Imperial Moth
Eacles imperialis (Drury) (Saturniidae)

L.L. Hyche, Associate Professor
Department of Entomology & Plant Pathology
Auburn University
3/2000

The imperial moth is distributed throughout the eastern United States west to Texas and Kansas. The caterpillar (Photo 1) feeds on foliage of a variety of broadleaf and coniferous trees. Some common hosts are oaks, sweetgum, sycamore, elm, hickories, walnut, maple, basswood, honeylocust, pines, red cedar, and bald cypress. In Alabama, the caterpillar is found on both pines and hardwoods.

Life Cycle, Description, and Habits

The insect spends the winter as a pupa in the soil; adults emerge in spring. The adult (Photo 2) is a large moth with wingspread of 100-150 mm. It is sulfur yellow, marked in varying degrees with lilac to purplish-brown bands and spots. Females lay large yellow eggs (Photo 3) singly or in small groups on either surface of host leaves.

The full-grown caterpillar (Photo 1) is 75-100 mm long. It occurs in two color forms, green and brown. In the green form (pictured), the head is orange-yellow with vertical black or dark stripes on sides and front. The thoracic legs are yellow. The body is green and thinly clothed with long whitish hairs. The second and third thoracic segments each bear a pair of stubby, rough yellow horns, and rows of smaller yellow spines occur along the body to the rear. The last abdominal segment bears conspicuous yellow and black triangular plates. The spiracles along the sides are large, oval and pale yellow to cream in color. In the brown color form, the body, horns, and spines are tan to reddish brown. When fully grown, larvae leave foliage and pupate in the soil. Two broods may possibly occur each year in Alabama; however, the caterpillar is most commonly seen in August and September.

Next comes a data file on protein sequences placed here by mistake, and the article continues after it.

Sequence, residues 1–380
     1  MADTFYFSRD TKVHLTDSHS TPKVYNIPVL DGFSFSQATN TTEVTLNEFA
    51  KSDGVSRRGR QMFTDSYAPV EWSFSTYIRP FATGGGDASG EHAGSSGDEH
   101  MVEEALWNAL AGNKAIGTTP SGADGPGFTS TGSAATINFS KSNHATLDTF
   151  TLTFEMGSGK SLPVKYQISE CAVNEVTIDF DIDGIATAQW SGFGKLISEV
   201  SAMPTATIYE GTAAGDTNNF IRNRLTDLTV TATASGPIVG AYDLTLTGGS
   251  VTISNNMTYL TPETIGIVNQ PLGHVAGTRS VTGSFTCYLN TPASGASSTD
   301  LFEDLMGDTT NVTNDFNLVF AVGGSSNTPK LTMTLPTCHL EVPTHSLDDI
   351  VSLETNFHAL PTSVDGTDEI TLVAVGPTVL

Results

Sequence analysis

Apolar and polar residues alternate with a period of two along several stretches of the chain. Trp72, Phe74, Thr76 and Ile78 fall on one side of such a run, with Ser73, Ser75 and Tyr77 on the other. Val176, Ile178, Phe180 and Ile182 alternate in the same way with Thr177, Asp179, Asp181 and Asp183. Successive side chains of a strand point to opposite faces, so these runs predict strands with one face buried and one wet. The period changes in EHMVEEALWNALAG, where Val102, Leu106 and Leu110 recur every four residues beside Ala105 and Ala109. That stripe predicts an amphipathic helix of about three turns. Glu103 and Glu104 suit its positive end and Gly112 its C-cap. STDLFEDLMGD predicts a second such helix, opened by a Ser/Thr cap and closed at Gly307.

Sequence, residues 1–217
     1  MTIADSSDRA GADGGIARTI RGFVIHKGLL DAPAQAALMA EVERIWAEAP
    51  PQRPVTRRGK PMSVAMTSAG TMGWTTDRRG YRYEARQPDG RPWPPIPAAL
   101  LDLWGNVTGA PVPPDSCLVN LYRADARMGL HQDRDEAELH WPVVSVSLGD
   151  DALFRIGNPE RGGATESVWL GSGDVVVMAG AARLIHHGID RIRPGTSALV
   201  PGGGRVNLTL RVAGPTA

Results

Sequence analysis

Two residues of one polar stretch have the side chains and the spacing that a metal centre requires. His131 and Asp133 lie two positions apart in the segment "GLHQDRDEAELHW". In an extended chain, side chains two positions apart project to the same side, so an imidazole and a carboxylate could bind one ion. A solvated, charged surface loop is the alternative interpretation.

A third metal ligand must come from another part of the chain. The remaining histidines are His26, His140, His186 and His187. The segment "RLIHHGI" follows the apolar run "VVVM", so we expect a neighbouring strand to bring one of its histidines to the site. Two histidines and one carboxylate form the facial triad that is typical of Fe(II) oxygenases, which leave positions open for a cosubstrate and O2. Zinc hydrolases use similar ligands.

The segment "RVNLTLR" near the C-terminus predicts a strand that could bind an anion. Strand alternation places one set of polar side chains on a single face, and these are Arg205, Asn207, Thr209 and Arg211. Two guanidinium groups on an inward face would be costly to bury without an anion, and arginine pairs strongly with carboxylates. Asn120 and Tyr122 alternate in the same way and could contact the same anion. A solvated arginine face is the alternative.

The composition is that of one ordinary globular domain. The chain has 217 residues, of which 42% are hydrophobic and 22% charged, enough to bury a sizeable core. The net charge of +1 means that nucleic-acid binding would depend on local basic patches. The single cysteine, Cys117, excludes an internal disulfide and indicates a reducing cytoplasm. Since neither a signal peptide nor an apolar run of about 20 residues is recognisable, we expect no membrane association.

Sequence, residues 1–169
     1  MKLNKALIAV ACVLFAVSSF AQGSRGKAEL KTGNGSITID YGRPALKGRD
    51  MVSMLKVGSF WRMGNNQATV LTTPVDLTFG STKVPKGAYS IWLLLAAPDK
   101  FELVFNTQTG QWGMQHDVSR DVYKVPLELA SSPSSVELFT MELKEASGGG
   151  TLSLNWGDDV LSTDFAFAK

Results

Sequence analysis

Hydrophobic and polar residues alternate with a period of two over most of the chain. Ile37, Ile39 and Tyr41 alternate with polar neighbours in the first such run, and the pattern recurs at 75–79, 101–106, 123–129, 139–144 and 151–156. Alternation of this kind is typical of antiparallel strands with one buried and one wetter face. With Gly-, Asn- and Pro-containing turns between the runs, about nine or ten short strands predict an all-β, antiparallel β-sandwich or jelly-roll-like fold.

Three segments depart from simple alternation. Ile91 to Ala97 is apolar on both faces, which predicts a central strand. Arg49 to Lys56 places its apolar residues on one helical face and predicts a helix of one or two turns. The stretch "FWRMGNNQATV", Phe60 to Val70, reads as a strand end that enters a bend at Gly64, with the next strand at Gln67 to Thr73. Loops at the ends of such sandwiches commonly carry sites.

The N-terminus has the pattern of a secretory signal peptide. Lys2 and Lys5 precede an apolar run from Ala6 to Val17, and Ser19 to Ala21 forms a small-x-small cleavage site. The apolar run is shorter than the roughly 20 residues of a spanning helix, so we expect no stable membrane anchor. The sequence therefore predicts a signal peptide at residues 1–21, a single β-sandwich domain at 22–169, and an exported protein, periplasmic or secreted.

Occurrence, Damage, Importance

The imperial moth caterpillar is a solitary feeder. It may occur on any of the many host trees, and is usually encountered most commonly in late summer and fall. These large larvae individually can consume a lot of foliage, but are seldom present in sufficient numbers to cause serious damage. Large, colorful, and armed with horns and spines, the caterpillar may look fierce and dangerous; however, it is harmless and does not "sting" or stab man.


For additional information lhyche@acesag.auburn.edu



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All photos courtesy of  Lacy L. Hyche